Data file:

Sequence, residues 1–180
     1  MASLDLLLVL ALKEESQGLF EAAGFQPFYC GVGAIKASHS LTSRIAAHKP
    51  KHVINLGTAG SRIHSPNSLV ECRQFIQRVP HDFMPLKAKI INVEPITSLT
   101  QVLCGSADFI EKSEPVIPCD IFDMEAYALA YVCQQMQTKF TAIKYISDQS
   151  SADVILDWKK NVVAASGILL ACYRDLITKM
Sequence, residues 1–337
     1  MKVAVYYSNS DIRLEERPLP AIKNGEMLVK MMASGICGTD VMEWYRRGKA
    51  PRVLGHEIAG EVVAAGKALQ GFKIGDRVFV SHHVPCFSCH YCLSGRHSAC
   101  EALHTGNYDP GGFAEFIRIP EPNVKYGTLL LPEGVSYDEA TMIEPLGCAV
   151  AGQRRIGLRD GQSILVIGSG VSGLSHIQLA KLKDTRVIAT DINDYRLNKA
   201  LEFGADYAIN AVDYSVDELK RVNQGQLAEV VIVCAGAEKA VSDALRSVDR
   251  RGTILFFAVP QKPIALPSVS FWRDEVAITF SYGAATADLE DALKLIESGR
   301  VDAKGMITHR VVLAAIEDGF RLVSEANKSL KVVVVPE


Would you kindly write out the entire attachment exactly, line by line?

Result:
Sequence, residues 1–180
     1  MASLDLLLVL ALKEESQGLF EAAGFQPFYC GVGAIKASHS LTSRIAAHKP
    51  KHVINLGTAG SRIHSPNSLV ECRQFIQRVP HDFMPLKAKI INVEPITSLT
   101  QVLCGSADFI EKSEPVIPCD IFDMEAYALA YVCQQMQTKF TAIKYISDQS
   151  SADVILDWKK NVVAASGILL ACYRDLITKM
Sequence, residues 1–337
     1  MKVAVYYSNS DIRLEERPLP AIKNGEMLVK MMASGICGTD VMEWYRRGKA
    51  PRVLGHEIAG EVVAAGKALQ GFKIGDRVFV SHHVPCFSCH YCLSGRHSAC
   101  EALHTGNYDP GGFAEFIRIP EPNVKYGTLL LPEGVSYDEA TMIEPLGCAV
   151  AGQRRIGLRD GQSILVIGSG VSGLSHIQLA KLKDTRVIAT DINDYRLNKA
   201  LEFGADYAIN AVDYSVDELK RVNQGQLAEV VIVCAGAEKA VSDALRSVDR
   251  RGTILFFAVP QKPIALPSVS FWRDEVAITF SYGAATADLE DALKLIESGR
   301  VDAKGMITHR VVLAAIEDGF RLVSEANKSL KVVVVPE